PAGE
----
The PIP programme is delivered in two separate rounds during the academic year. Registrations are invited for a defined period at the start of each semester and this is followed by induction training, objectives setting and partnership matching.


Stage 1: Recruitment

The PIP Programme requires publicity and the recruitment of partners from across the University, Third Sector Organisations and local schools. Publicity takes place for a 4 week period through existing networks, contacts and media channels both on campus and beyond. The Sustainability Service identify and approach local third sector and community organisations which would benefit from the PIP programme.  This is supported by organisations and groups providing support services and specialist advice to third sector organisations across the Leeds City Region, including Voluntary Action Leeds. Third Sector partners are engaged through the University, Sustainability Service and Third Sector partner’s media channels and attendance at local networking meetings.

Stage 2: Registration

University staff, third sector organisations and schools can register their interest in being involved with the PIP programme through a single online application form. The form has be designed to capture key information about partners, their roles and organisations, and what they are hoping to gain from  their PIP partnership.  This information is used alongside partner’s objectives to support the matching process.

Stage 3: Induction and Training

Registration is followed by an induction training workshop.  These workshops provide partners with more information about the programme and gain the most benefit from their PIP partnerships. Interactive activities are designed to help partners: consider the broad range of work themes that they might explore through their partnership, understand the key challenges to working in partnership and with defining their specific partnership objectives.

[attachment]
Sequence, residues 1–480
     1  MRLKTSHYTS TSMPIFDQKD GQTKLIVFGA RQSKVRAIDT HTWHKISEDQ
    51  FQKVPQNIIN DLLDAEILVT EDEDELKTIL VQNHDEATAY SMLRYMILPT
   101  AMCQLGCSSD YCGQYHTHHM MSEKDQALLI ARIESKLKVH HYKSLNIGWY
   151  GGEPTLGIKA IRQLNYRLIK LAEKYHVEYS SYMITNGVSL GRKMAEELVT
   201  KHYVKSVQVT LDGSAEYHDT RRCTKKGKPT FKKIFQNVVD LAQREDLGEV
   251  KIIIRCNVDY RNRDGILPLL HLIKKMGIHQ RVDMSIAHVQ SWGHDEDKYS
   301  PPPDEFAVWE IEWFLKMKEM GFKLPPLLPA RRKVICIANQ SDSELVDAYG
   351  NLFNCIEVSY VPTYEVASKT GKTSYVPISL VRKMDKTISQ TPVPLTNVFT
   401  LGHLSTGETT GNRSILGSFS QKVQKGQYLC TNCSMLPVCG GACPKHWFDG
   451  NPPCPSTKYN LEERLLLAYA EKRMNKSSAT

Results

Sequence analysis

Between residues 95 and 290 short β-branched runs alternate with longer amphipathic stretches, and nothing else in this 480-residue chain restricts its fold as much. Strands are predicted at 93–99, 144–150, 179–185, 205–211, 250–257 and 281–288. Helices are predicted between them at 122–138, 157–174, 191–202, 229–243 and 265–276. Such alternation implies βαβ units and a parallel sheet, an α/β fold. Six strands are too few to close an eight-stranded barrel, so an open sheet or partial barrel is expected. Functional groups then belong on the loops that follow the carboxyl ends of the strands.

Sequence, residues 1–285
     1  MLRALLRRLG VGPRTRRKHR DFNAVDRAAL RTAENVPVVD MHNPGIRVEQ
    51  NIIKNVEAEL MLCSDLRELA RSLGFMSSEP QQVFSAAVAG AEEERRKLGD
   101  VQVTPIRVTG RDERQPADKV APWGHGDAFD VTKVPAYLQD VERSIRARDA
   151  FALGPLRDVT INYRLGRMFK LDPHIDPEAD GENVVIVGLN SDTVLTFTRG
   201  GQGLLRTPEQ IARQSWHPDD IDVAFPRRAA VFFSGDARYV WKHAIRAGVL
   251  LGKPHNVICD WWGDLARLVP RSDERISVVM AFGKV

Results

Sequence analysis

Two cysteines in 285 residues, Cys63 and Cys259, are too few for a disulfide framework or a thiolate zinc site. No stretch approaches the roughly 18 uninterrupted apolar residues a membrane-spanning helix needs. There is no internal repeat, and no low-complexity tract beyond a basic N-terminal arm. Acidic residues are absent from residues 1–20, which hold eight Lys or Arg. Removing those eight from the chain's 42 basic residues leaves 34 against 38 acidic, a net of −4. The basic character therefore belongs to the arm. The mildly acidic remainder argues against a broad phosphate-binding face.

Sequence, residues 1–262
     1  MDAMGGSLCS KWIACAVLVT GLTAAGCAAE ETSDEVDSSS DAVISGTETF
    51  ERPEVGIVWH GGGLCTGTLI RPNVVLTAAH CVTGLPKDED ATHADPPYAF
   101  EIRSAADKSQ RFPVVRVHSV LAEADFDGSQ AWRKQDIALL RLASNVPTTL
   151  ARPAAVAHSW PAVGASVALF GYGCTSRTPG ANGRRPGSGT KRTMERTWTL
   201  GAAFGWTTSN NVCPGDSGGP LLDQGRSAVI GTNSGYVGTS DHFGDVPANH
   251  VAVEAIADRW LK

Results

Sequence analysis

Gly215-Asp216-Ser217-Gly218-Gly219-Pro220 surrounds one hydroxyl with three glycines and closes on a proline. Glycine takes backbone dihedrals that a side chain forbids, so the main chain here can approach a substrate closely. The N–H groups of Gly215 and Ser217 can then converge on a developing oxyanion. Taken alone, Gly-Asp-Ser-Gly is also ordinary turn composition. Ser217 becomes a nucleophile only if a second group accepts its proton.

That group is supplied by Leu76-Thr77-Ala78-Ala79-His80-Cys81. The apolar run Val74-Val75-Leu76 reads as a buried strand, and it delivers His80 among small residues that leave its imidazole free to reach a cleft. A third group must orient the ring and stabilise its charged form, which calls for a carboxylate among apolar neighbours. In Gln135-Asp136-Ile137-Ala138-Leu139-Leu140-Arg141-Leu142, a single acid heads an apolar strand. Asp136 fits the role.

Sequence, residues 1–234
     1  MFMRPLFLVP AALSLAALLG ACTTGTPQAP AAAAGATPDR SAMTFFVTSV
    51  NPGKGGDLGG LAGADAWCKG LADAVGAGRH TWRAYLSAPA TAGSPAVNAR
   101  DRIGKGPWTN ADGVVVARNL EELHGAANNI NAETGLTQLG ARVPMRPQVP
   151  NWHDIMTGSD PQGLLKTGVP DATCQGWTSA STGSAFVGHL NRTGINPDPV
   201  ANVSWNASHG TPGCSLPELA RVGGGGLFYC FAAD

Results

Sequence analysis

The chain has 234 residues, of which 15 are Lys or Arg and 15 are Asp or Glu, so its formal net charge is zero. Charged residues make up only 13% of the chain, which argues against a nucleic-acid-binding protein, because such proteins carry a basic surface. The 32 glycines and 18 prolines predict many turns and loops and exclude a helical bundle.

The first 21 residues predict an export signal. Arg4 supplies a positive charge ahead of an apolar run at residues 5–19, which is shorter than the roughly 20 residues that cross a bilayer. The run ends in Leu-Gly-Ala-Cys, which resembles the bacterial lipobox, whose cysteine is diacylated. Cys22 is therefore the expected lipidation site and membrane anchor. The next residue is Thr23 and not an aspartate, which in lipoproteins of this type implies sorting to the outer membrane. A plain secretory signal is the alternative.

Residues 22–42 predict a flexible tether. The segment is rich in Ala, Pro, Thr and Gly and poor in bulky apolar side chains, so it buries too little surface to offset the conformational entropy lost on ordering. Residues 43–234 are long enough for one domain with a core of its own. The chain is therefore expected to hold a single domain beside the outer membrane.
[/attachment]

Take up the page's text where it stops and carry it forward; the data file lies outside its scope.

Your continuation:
Stage 4: Objective Setting

Partners complete an objectives form at the end of their induction workshop. The form includes sections that define partner’s initial objectives, their personal and organisational strengths, and any challenges that they need to overcome to achieve their objectives. The information provided forms the basis for making a partnership match and also supports partners by providing a structure and content for discussion at their first meeting.

Stage 5: Partnership matching

A partnership match is made following the review of the information provide by partners in their registration and objectives forms. Partnerships may be formed on the basis of similar professional interests, project ideas or personal and organisational development needs. Where a match has not be identified, an application is either rolled over to the next round. In the case of partners seeking more specialist objectives, suitable partners are identified and approached to be involved.

Stage 6: Match Confirmation

Partnership matches are confirmed and introductions are made to both partners. Once matched partners agree to arranging their first meeting within 6 weeks. This meeting is the start of a process of getting to know each other and finding out more about their respective objectives. It is a formalisation of what partners have initially identified as a personal, project or organisational development needs. It is also a time for partners to discuss their compatibility, how they will work together to meet their objectives and some of the practical issues such as what strengths they bring to their partnerships.